Passion for truth is an idea with more than one face. It includes the determination to look closely and long, to be unsatisfied with the secondhand and assumption. It includes the emotions and the body…the writer’s whole being is the instrument of perception, not only the mind…only the hunger for something beyond the personal will allow a writer to break free of one major obstacle to originality—the fear of self-revelation.
— Jane Hirshfield, “The Question of Originality,” Nine Gates: Entering the Mind of Poetry.
An act of imagination is an act of self-acceptance.
…one reason a poet [writes is] to become a better person…a lifetime of writing [is] a slow, accumulative way of accepting one’s life as valid.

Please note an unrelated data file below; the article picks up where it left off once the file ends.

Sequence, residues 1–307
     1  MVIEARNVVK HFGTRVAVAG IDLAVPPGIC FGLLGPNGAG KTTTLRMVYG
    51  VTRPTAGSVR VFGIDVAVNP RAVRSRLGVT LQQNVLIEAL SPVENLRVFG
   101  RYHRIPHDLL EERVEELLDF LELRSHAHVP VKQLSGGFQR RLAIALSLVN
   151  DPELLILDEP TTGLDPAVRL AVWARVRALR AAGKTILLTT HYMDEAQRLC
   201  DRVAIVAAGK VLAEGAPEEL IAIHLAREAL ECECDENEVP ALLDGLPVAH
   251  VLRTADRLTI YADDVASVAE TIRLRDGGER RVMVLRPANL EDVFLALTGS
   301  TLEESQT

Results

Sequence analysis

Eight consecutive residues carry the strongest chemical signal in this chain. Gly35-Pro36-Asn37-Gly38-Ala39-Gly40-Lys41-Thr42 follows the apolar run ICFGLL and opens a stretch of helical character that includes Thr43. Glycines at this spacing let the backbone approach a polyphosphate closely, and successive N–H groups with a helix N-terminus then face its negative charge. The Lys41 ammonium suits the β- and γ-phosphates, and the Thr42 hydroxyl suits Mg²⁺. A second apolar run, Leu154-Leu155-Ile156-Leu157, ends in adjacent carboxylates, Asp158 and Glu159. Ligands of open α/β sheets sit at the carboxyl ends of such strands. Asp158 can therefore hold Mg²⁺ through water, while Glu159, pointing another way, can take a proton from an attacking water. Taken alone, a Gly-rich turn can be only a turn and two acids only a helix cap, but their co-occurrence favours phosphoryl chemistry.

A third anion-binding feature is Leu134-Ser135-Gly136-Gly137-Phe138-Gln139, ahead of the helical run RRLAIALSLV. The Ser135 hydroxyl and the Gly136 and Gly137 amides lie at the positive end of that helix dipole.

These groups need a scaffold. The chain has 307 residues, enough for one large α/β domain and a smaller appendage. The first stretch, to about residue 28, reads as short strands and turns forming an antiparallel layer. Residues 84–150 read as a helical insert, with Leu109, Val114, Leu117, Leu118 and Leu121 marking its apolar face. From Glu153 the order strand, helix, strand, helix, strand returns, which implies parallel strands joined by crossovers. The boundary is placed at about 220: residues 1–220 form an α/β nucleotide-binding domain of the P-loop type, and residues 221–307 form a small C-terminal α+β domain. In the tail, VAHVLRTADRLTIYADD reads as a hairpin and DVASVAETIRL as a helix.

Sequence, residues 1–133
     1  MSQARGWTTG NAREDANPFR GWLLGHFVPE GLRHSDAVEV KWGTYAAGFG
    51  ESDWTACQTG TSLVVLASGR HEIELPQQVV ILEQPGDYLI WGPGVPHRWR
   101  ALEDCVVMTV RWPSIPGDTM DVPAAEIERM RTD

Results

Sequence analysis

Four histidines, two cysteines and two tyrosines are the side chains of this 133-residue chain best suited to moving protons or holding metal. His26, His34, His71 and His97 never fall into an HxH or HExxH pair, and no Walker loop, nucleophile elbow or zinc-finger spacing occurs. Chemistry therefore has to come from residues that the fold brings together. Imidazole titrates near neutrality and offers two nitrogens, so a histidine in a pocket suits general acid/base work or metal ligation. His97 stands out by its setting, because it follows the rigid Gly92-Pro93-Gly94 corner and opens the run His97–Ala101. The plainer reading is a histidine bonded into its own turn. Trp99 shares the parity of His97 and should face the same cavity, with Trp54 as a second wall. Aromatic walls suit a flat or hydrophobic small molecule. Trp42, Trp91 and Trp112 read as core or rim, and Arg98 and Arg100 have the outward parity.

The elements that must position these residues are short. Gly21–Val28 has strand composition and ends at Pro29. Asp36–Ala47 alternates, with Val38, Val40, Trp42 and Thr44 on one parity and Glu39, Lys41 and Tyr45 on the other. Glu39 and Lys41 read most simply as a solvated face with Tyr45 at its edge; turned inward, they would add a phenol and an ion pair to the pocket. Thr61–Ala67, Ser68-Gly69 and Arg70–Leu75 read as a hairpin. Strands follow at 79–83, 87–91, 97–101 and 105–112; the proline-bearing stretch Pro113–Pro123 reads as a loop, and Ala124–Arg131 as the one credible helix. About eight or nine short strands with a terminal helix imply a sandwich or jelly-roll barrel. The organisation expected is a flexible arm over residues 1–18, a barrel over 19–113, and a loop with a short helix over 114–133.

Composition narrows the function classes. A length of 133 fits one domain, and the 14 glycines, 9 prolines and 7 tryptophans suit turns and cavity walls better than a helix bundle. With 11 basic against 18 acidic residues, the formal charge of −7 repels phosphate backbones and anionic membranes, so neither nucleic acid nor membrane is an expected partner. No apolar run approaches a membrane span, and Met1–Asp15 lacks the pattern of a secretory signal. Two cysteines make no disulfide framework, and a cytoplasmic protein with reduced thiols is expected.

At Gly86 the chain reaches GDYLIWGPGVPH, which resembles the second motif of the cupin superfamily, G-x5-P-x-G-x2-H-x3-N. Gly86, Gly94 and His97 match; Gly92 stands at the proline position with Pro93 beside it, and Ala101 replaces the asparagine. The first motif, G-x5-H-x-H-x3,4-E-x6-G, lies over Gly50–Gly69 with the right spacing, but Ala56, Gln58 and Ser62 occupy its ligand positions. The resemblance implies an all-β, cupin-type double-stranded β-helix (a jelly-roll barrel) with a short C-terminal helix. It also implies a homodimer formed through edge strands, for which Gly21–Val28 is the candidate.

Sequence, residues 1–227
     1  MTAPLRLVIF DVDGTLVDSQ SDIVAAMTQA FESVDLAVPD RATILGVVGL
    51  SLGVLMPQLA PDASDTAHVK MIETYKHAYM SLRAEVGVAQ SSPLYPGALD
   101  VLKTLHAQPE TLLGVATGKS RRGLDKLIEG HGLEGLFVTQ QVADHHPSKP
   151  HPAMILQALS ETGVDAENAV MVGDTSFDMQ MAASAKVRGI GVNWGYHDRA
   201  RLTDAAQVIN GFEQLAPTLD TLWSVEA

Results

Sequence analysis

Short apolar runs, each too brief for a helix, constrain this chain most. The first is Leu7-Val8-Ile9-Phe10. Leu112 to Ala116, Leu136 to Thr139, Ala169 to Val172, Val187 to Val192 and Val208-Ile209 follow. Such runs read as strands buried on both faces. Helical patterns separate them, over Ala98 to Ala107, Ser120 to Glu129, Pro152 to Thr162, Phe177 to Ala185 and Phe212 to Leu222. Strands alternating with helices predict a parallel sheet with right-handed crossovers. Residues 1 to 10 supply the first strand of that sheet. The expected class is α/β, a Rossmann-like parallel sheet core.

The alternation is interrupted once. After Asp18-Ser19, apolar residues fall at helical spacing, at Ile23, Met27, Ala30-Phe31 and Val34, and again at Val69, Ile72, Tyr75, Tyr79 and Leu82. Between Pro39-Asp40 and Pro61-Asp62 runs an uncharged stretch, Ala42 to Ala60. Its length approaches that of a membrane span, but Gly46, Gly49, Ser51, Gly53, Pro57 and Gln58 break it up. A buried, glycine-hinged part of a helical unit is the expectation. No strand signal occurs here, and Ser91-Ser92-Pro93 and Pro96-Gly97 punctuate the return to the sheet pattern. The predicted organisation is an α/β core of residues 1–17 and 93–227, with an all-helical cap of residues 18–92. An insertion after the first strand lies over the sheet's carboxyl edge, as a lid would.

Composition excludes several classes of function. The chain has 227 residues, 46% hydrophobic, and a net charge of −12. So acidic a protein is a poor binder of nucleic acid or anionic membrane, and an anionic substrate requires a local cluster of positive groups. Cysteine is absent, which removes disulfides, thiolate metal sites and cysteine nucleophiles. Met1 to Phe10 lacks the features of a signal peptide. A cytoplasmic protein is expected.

— Richard Hugo, “Statements of Faith,” The Triggering Town.
The above statements lead me to this thought: the act of writing—in my case poems, but writing creatively in general—is an act of faith, and not necessarily in the religious sense. At some point during the last three years, I made the transition from thinking of myself as wanting to be a poet to having faith that I am into the beginning of this journey of being a poet. Continue reading